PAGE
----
I am not a scholar of religion. I look to religion as a source of new ideas about IR, as a source of new IR knowledge. Sometimes we dismiss religious texts because they are unscientific or other worldly. This is very wrong. I see, for example, Hindu or Buddhist texts as examples of discourses in philosophy, politics and metaphysics and even statecraft. For example, the Bhagavad Gita, Hinduism’s most sacred scripture, has many secular and rational elements as well as metaphysical and “otherworldly” elements.
In some of the key religious texts you can find different concepts of universalism and political organization that can compliment and challenge each other. For example, one might see the teachings of Islam as unsuitable territory for IR theory because it speaks of a caliphate, rather than a nation state. We think of Westphalian state as being the only possible political unit around which IR is, or should be based. We are beholden to Westphalia so strongly that we often fail to think of other possibilities. What might a caliphate look like? We may not think the outcome as being very pretty but an ability to recognize such alternatives can bring significant shifts in the way we think about statehood, statecraft or international relations.
The line between religious knowledge and Western philosophy, metaphysics and social science has been historically been a thin one. The philosophical texts that develop around the world’s great religions, and not just the core scriptures like the Bible, Quran, Gita, or Tripitaka, carry important clues about epistemology, or how knowledge is produced, which is perfectly applicable to social science disciplines like IR. They represent conceptions of universalism that can either compliment or challenge the insights from Western philosophy, from which much of existing IR theory derives.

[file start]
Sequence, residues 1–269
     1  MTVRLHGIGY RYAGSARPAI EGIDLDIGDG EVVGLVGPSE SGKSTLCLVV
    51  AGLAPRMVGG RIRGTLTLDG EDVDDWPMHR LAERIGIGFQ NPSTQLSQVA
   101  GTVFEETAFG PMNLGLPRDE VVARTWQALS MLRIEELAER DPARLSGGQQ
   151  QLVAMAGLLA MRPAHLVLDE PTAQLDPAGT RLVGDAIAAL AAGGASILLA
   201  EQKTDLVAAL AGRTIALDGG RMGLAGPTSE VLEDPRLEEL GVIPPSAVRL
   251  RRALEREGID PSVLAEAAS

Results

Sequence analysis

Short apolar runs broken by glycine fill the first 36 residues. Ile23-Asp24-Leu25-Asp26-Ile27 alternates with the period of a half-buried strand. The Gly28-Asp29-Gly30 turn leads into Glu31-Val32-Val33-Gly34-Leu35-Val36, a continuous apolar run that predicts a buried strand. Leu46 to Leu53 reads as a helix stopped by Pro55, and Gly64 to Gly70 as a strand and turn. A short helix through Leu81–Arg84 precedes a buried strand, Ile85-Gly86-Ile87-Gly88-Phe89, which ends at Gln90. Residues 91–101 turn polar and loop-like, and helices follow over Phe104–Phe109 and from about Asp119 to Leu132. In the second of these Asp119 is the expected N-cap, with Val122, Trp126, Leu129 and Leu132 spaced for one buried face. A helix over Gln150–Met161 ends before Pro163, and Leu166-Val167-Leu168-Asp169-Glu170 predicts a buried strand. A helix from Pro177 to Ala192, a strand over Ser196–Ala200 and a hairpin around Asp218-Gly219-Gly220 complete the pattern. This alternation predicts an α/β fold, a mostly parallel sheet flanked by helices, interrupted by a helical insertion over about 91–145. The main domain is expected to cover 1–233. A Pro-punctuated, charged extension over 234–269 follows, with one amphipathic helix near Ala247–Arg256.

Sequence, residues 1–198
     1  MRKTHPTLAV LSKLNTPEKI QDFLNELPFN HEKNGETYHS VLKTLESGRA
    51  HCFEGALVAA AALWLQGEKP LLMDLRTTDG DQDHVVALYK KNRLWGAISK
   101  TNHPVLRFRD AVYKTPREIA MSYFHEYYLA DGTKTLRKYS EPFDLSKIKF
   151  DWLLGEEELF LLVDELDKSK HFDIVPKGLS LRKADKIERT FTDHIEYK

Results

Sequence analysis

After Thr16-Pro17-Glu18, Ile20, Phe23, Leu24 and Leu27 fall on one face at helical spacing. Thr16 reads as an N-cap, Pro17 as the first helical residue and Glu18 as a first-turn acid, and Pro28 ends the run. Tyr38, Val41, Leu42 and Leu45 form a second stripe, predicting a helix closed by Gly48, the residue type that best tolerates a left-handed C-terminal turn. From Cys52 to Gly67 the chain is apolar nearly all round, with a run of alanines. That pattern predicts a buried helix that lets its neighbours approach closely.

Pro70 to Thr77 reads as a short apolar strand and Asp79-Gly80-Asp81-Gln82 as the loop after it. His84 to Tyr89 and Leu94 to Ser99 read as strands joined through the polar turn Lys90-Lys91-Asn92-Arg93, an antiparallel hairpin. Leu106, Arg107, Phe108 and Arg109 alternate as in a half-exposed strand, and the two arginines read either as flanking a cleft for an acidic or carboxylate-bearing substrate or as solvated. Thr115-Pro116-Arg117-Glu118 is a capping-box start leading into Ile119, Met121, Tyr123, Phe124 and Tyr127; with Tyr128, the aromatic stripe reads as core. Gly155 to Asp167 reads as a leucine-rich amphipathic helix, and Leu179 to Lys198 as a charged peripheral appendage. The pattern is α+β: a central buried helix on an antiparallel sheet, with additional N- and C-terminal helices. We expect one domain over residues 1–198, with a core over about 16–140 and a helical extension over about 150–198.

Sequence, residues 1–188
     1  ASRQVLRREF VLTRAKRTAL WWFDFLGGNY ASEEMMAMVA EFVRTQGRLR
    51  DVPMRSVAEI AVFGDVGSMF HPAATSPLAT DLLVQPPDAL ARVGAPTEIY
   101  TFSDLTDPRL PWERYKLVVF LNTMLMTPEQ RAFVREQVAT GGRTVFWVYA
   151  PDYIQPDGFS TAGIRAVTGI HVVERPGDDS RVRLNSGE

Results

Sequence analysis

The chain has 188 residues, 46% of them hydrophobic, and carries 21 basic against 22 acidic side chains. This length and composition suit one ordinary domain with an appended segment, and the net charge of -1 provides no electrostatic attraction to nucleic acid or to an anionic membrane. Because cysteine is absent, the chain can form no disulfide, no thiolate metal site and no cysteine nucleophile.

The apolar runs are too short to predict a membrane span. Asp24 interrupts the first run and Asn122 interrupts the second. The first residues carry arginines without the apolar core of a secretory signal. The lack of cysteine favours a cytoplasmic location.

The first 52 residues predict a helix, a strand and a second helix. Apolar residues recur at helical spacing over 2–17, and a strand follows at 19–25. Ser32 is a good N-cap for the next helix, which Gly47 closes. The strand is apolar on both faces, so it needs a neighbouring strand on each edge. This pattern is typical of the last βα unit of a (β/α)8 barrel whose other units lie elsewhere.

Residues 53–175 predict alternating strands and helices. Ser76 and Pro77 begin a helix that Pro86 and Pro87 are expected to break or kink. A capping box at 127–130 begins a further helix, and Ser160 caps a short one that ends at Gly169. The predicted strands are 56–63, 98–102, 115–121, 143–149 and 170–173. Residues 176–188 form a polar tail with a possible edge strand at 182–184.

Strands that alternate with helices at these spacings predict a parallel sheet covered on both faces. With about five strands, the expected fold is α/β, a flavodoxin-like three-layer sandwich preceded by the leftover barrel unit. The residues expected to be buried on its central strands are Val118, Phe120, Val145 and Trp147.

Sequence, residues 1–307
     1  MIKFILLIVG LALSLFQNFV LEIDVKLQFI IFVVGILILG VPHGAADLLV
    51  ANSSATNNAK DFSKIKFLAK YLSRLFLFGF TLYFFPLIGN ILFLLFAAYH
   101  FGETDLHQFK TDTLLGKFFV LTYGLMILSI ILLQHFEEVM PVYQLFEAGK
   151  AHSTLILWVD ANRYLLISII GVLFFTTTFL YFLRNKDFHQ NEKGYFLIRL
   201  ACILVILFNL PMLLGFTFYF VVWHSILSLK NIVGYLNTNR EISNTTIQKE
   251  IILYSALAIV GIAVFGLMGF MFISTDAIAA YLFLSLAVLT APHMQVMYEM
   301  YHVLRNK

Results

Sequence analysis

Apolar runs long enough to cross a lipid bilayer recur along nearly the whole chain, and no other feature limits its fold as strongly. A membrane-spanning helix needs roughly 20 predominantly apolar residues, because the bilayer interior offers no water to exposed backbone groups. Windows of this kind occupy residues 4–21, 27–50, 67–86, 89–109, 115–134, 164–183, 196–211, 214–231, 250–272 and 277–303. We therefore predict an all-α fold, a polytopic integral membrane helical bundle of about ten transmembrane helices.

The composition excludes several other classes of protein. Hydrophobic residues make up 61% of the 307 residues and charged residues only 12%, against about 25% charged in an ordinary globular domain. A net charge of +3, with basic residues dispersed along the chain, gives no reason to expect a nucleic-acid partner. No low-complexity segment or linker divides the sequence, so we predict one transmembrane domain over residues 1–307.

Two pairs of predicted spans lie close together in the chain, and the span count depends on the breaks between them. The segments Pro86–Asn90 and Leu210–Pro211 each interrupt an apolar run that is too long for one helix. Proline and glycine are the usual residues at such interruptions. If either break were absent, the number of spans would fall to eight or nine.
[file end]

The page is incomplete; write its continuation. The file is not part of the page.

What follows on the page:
Amitav Acharya is currently a Professor at the School of International Service at American University where he is the UNESCO Chair in Transnational Challenges and Governance and Chair of the ASEAN Studies Center. Previously, he was Professor of Global Governance at the University of Bristol, Professor at York University, Toronto, and at Nanyang Technological University, Singapore, Fellow of the Harvard University Asia Center, and Fellow of Harvard’s John F. Kennedy School of Government.
His books include The Quest for Identity: International Relations of Southeast Asia (Oxford University Press, 2000), Constructing a Security Community in Southeast Asia: ASEAN and the Problem of Regional Order (Routledge, 2001), Crafting Cooperation: Regional International Institutions in Comparative Perspective, (co-edited,Cambridge University Press, 2007), Whose Ideas Matter? (Cornell, 2009); Beyond Iraq: The Future of World Order (co-edited, World Scientific, 2011); Non-Western International Relations Theory (co-edited, Routledge, 2010); and The Making of Southeast Asia (Cornell, 2011).
- Faculty profile at American University
- Read Acharya’s ‘Why Is There No NATO in Asia?’ The Normative Origins of Asian Multilateralism (2005 Harvard Working Paper) here (pdf)
- Read Acharya’s Seeking Security In The Dragon’s Shadow: China and Southeast Asia In The Emerging Asian Order (2003, working paper) here (pdf)
- Read Acharya’s Will Asia’s Past Be it’s Future? (International Security 28(3), 2004) here (pdf)
- Read Acharya’s Nonhegemonic International Relations: a preliminary conceptualization (2008 working paper) here (pdf)